by Zero Hedge

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A new California law, allowing men who identify as female to be housed in women’s prisons, is wreaking havoc within the women’s prison system and creating an environment of fear and “total chaos emotionally,” according to Amie Ichikawa, a plaintiff in a lawsuit which seeks to overturn it.

“It’s the worst human science project I’ve ever seen,” she said during a recent episode of EpochTV’s California Insider.

“This is very callous and brazen psychological warfare that is occurring right in our own state being fully funded by taxpayers’ dollars.”

Ichikawa, at 24, was incarcerated at the Central California Women’s Facility in Chowchilla for five years. She recently founded the nonprofit Woman II Woman, which provides resources, education, and support for currently incarcerated women.

She said since 2020 when California Gov. Gavin Newsom signed the bill—named The Transgender Respect, Agency, and Dignity Act and authored by California State Sen. Scott Wiener (D-San Francisco)—she has received more phone calls, emails, and letters than she can count from incarcerated women in fear of their safety, post-traumatic disorder triggers, pregnancy, and STDs.

“How could they do this to us?” she said, was their theme.

California women’s cells now house eight inmates each, she said—extremely close living quarters of about 6-feet per inmate, leading to concerns by some female prisoners they may end up housed with a man—who now identifies as female—who has raped, for example, or who has “predatory intentions.”

“That’s a very tight space to share with anyone,” she said.

“But even more so with someone who has a history of violence against women.”

Ichikawa, now 40, said she realizes there is no privacy in prison, but with the new law, “there is no dignity either,” as some transfers are and will be full-bodied males, sharing what was once single-sex space.

The law allows an inmate who identifies as transgender, non-binary, or intersex to be housed, at their choice, with either male or female prisoners. By all accounts, it was written to help the transgender community feel more comfortable if incarcerated.

But according to Ichikawa, it has not benefited anyone.

“It has really created a toxic, diabolical situation of … the prison of the mind,” she said.

“People are afraid. Women are afraid to say anything. It’s crippling.”

She said there have been 40 such cases of men being transferred to women’s prisons since the law went into effect in January of 2021 and there are currently nearly 300 more applications in the pipeline, with more than one-third from inmates who are registered sex offenders.

According to Ichikawa, typically about 17 percent of California’s incarcerated are registered as such.

“That’s a big jump,” she said.

Some, she said, are men capitalizing on the law to move from typically more dangerous lockdowns because it’s easy to do so, with few requirements for a transfer other than self-identification.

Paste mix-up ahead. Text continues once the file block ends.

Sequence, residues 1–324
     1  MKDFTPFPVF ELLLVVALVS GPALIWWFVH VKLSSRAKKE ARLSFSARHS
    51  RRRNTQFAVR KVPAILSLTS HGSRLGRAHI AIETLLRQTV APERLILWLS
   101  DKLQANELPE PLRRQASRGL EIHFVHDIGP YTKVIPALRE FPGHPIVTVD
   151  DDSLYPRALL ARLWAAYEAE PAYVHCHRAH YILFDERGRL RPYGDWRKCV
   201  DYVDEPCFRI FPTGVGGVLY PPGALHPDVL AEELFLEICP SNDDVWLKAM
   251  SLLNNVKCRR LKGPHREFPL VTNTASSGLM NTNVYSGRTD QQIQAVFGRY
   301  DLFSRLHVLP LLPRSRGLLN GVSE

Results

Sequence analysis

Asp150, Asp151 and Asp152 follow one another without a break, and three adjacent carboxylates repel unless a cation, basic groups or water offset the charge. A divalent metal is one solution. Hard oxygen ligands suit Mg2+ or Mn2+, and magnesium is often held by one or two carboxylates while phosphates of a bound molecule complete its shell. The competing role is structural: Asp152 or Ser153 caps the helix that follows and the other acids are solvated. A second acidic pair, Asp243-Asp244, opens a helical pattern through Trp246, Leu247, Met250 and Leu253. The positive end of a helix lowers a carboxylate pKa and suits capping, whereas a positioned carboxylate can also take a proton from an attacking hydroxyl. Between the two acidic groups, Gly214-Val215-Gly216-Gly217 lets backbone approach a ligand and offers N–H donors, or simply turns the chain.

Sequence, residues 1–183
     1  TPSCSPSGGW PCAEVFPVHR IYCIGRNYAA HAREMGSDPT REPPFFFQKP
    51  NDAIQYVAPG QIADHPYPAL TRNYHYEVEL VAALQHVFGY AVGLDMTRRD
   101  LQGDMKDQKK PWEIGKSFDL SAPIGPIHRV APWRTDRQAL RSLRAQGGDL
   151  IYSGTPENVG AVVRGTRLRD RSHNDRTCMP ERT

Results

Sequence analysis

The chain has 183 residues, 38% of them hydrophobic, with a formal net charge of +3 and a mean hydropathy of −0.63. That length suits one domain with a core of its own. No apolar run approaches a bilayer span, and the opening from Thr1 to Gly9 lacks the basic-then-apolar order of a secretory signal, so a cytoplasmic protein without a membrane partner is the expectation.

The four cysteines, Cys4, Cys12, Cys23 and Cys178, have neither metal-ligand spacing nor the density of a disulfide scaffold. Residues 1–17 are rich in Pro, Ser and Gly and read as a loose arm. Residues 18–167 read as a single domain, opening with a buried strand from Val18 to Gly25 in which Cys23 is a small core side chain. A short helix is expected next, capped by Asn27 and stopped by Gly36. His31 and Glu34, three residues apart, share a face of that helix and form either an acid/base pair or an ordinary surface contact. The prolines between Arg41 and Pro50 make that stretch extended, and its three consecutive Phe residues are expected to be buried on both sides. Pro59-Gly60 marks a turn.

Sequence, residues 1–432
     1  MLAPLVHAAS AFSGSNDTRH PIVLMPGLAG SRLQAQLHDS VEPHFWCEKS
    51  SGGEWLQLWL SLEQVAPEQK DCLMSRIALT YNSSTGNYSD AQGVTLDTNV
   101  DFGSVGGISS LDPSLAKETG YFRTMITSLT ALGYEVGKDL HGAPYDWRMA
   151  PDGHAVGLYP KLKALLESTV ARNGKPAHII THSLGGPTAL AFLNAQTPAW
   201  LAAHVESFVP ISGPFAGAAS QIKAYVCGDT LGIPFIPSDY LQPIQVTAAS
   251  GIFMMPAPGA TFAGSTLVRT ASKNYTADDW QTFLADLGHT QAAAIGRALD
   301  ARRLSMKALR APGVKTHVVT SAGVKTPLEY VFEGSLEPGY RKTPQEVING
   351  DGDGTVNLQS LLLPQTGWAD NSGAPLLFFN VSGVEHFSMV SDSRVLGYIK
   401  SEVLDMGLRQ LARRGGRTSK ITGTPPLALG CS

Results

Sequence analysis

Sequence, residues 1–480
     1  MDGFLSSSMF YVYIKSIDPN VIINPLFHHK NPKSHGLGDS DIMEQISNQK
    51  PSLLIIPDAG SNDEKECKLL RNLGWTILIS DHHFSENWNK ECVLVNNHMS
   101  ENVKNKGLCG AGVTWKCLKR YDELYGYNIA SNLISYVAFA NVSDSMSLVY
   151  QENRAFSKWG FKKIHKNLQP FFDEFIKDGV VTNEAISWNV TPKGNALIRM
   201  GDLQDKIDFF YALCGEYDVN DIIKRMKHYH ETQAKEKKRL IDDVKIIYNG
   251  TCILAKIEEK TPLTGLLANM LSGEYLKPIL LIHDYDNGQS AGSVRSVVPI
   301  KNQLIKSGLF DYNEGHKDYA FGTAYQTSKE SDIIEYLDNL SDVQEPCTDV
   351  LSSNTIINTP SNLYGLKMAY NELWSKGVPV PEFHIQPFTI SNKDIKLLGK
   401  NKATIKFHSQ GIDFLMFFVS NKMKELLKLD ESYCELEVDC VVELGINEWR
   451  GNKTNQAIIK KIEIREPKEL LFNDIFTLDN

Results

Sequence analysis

“This is open season for anyone who wants to get out of the men’s prisons,” she said.

“There are very few reasons why someone would not want to take advantage,” of this.

In the 30-minute interview, she said there is no evidence of any women, so far, becoming harmed in the new arrangement.

But, she said, some female inmates have lodged complaints and then were retaliated against for doing so by prison authorities, who called such “harassment.”

Ichikawa additionally said currently incarcerated women were given little preparation for the change, but said she learned from some that a poster was introduced in one woman’s prison detailing options in the event of pregnancy. Condoms, she said, are also now dispensed.

“Those were never available before in women’s prisons,” she said.

She said she was also shocked to learn only nine California lawmakers voted against the bill, and that the California Women’s Legislative Caucus, composed of dozens of female Senators and Assemblymembers, backed it.

“It took my breath away to learn how much support was behind this,” she said.

“I didn’t know so many elected officials hated women so much.”

And, she said, she doesn’t think it’s stopping in California.

“This has got to be a nationwide, even a global movement to erase women,” Ichikawa said.

She said lawmakers who passed the bill didn’t fully understand its ramifications.

“Any adult breathing and with a pulse can see it will create a huge problem when you take a whole population and handpick a little part of it and give them all these privileges. It’s going to be dangerous,” she said.

She said she believed politicians got caught up in today’s ideological culture wars and were “fooled by pretty language, inclusive words.”

Ichikawa’s lawsuit, filed in November of 2021 in the U.S. District Court, Eastern District of California, Fresno, alleges the law violates the federal and state rights of women currently incarcerated in California’s prisons.